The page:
What we’ve been up to – Winter 2009-10 (The Bathroom Project)

Fortunately, this bathroom project isn’t caused by the presence of birds, though they like to remind us they are VERY close by, threatening to come back in at a time least convenient for us, I’m sure. No, since we’ve been in our house (almost three years now), we have wanted to “redo” our master bathroom. Not a remodel, really, but rather a cleaning up. The previous paint job was kind of rough (I’m being nice), and we wanted the color to match our bedroom. Also, like our bedroom, we decided to put up crown molding in the same manner, really making this more of a project and not just a painting job.

With the help of our great friend Norm we put up the crown in the bedroom a few months back. Remembering the tricks I learned from Norm back then, my friend Dieter and I did the same for this project. We have 10′ ceilings and we found it difficult to hang anything on our wall since things just looked dwarfed on our huge walls (no offense to dwarfs). We decided to hang the crown molding about 2 feet down from the ceiling instead of the “usual” location where the ceiling and wall meet. This gave the illusion of bringing the ceiling down a bit.

All in all, the project went great. For nerds looking for more detail on the project: We had one outside corner to assemble, and five inside corners, all 90 degrees (roughly) :-). One of the hardest parts was figuring out how to cut the boards so the corners would match up. There’s a ton of info our there on the web, but it seems like most pages offer not quite enough info, or just slightly too much so you can become confused.

Turns out for 90 degree inside and outside corners, we never had to adjust our miter saw on more than one axis. We either had to tilt it or turn it, but never both. We just had to be sure to turn the crown upside down when cutting. Using a trick from Norm, on the inside corners I ran one board straight into the wall (flush) and coped the other one, using a Dremel to back cut the wood instead of a coping saw. It seemed to allow me to be pretty precise and was relatively fast as long as I had the patience to cut awhile, then test, then cut some more.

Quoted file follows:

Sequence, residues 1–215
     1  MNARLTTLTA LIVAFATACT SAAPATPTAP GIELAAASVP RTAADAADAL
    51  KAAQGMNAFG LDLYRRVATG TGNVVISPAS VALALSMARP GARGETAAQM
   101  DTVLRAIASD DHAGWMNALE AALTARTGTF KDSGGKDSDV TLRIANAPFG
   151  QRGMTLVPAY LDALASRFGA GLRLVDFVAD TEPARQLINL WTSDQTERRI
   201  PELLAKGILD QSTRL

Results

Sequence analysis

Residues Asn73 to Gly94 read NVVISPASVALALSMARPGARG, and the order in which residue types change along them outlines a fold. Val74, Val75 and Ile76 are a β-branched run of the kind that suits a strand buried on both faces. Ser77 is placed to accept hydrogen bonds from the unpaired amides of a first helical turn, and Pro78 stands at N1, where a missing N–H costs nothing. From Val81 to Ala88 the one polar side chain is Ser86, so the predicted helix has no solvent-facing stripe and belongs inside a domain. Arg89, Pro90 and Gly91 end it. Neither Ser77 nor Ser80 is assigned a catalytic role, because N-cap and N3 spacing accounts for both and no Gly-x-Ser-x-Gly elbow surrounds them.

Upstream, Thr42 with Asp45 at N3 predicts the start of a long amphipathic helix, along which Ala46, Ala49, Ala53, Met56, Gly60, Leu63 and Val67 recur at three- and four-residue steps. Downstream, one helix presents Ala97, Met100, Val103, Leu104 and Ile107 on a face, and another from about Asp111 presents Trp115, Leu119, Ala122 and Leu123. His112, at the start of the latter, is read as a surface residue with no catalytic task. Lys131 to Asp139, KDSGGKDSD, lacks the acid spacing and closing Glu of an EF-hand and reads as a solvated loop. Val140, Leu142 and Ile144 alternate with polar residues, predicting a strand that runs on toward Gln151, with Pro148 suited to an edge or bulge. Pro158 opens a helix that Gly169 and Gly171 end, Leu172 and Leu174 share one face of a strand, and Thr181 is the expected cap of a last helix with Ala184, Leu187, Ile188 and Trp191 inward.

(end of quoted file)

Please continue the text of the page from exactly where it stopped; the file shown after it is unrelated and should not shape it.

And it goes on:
My one outside corner didn’t line up quite as well as I would have hoped, but I was able to get it close and then fill in the rest with wood filler. You can hardly tell now.

Here are a couple pictures of the final product:

A shot of one corner of our bathroom where I installed crown molding

Finished crown molding in bathroom

The only thing left to do are a couple minor paint touch-ups. The vent fan in the ceiling is also new (upgraded from a smaller one).

GPS Tip #1 – “Whole route” screen

I figure I’m asked enough questions about GPS that I may as well assemble some thoughts and frequently answered questions together in one space in a way that’s hopefully helpful to others. Even if it only gives me a place to go when I need to remember what I’ve told other folks already, I think it’s worthwhile to document some of this.

Here we go.
Tip #1 – What I call the “whole route” or “entire route” screen.

In my opinion this is one of the best kept secrets on the Garmin automotive units. Often what happens is you’re either routing from home to some unknown place, or your routing from unknown place “A” to unknown place “B”. You find your destination just fine, either by address entry or by category (hotel/restaurant, etc), but you still feel like you’re “flying blind”. In other words, you feel like you have to trust the GPS to take you to the correct place.

You’d like some confirmation it’s taking you “the interstate route” instead of the “back highway route”, for example. Sure, you can look at a list of each individual turn in the route, with pictures and everything, but wouldn’t a shot of the whole route in a “north-up” view be nice?

Introducing… the “whole route” screen:

Here the screen shows our entire route, going from Assisi, Italy to Pisa, Italy, by way of Florence.

To get here: After entering your destination and choosing “Go”, click the green bar at the top of the map page and then click “Show Map” on the next screen. You get a nice view from the beginning of the trip to the end and a little peace of mind.

Of course, once you’re here you can pan around the map or zoom into any part of the map to see more details anywhere along your route. In this case, we can observe how the route will take you around the northeast side of Florence, rather than the southwest side or straight through the middle.